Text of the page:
Hello! The world is possibly crumbling around us, but Vox’s weekly roundup of the best writing the internet has to offer on books and related topics shall persist. So, here are some nice things to read about books!
- Do you remember back in 2008, when J.K. Rowling wrote a short prequel sketch to Harry Potter on a postcard and sold it at a charity auction? (It’s a fun little story, and worth a read if you haven’t seen it.) Anyway: The postcard has been stolen! Rowling and police alike are begging for true Potter fans to refuse to buy the (extremely valuable) card if given the opportunity.
- Here’s how the British Library is digitizing a 6-foot-tall atlas from 1660.
- The New Republic explains why a minor tweak in the way Amazon sells books has publishers terrified:
The biggest worry is what impact it could have on America’s literary culture. “The connection that people fail to make,” Authors Guild President Mary Rasenberger told me, “is that if publishers have less money, then they have less to invest. That means they can’t afford to take risks on the kinds of challenging books they’ve published for centuries.”
- Also at the New Republic is a breakdown of the business of Ivanka Trump’s new book:
This is not how someone who is concerned about ethics behaves. It is particularly galling for someone who has loudly proclaimed she will not do any promotion for her book. It suggests that Trump, as far as ethics are concerned, would have happily gone on a book tour or appeared on television to sell the book—if it weren’t for the fact that she would have received questions in public or on national television about her father and the many ways in which he has been antagonistic to the advancement of women in this country. Using social media is a canny way to control the narrative.
- Weird Twitter poet Patricia Lockwood talked with Mallory Ortberg, the founder of gone-but-not-forgotten website the Toast, about Lockwood’s new book, Priestdaddy:
I have spent, I would say, at least Some amount of time trying to figure out the boundaries between “Dad Internet” and “Daddy Internet,” and I think this book might be at the exact center of the Venn Diagram. By Dad Internet I mean the sort of self-consciously Good Clean Dad Jokes on Tumblr, the dadbod conversations of yore, the gentle and eternal sorrow of @Coffee_Dad and moments in your book like the “enormous nude dignity” of your own personal dad dad cleaning his guns and playing Cheap Trick upstairs. Dad Internet delights in reassurances and softness and pliability and a certain kind of lovable uselessness.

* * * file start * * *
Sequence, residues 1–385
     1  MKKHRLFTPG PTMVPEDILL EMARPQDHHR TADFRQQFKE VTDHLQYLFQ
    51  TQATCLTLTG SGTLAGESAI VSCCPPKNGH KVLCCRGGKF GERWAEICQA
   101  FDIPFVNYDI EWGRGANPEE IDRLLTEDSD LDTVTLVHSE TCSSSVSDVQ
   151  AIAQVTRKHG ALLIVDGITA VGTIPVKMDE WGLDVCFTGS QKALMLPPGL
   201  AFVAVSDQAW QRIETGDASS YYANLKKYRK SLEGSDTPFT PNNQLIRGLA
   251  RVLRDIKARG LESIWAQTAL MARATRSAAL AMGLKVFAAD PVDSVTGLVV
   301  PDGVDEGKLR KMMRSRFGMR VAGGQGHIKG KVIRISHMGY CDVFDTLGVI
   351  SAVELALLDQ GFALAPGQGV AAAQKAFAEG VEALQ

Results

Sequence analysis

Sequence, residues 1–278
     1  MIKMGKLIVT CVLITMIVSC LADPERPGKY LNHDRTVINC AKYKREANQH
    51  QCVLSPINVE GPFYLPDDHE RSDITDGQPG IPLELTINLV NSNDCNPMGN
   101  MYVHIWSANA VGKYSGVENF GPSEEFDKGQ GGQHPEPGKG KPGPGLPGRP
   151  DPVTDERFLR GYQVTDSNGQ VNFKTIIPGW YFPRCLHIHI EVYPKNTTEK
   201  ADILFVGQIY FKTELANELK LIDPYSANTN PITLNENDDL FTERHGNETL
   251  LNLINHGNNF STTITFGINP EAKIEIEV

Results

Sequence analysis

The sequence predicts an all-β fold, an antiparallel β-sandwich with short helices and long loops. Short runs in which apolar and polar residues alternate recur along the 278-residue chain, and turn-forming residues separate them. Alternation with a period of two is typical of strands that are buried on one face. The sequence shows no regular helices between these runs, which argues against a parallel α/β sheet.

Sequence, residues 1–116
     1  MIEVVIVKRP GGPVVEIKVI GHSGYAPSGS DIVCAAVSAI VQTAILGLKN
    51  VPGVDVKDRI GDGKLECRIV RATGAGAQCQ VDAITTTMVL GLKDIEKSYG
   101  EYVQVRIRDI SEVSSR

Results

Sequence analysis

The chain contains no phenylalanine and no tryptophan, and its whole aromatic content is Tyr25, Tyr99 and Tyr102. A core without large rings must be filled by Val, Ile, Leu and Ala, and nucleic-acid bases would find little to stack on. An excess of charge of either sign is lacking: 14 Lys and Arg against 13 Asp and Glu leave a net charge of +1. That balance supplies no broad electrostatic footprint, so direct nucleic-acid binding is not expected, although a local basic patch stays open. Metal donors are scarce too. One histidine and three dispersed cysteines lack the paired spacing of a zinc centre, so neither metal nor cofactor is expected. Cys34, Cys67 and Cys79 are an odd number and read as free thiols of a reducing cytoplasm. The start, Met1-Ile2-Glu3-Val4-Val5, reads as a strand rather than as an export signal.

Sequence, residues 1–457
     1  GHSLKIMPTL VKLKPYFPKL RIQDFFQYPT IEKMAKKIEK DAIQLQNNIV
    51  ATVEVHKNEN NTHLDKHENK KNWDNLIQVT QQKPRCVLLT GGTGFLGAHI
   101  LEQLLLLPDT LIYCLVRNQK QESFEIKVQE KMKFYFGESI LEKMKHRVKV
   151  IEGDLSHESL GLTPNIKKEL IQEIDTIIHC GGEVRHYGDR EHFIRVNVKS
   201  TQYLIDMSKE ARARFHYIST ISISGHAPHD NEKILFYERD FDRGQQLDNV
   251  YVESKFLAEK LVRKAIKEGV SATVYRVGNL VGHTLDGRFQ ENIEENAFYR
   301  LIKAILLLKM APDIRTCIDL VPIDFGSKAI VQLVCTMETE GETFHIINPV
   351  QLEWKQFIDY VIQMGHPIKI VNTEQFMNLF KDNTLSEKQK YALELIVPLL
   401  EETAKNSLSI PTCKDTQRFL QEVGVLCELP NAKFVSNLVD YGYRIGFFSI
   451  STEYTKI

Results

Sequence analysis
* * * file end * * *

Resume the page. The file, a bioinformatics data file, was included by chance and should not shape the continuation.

And you know the Daddy Internet, you remember that joke you made last year or whenever it was that everyone started joking about that lady who wanted to preserve Daddy Culture, and Daddy Internet delights in making everyone tremendously uncomfortable and being just as full of self-consciously Unclean Daddy Jokes as its counterpart. Am I completely making this up? Does this make any sense? If we plotted a Dad v. Daddy chart what quadrant does Priestdaddy fall in?
- Here are some literary blind items, collected at LitHub; they are all, as the best blind items are, about sex:
“I go out to bars. My god, I’ve barely been to a bar in like fifteen years because I’ve been a little busy reproducing.” She humbly, nicely did not add that she’d been busy becoming a great writer, though she’d been doing that too.
“Do you go by yourself?” Perhaps I was leading the witness a teeny tiny bit.
“I go with friends. Man-type people.” She re-twined her nervous legs.
- Also at LitHub, Lewis Dartnell wonders why aliens would ever bother coming to Earth:
To my mind, then, the enormous amounts of time and energy that are likely to be necessary for traveling between the stars in a galaxy, and the fact that raw materials can be sought elsewhere more practically, would rule out aliens coming to the Earth simply to take something we have. I think we can safely rest assured that even if intelligent alien species do exist in our galaxy, they are not about to appear in our skies with an invasion fleet to subjugate humanity and begin stripping our world.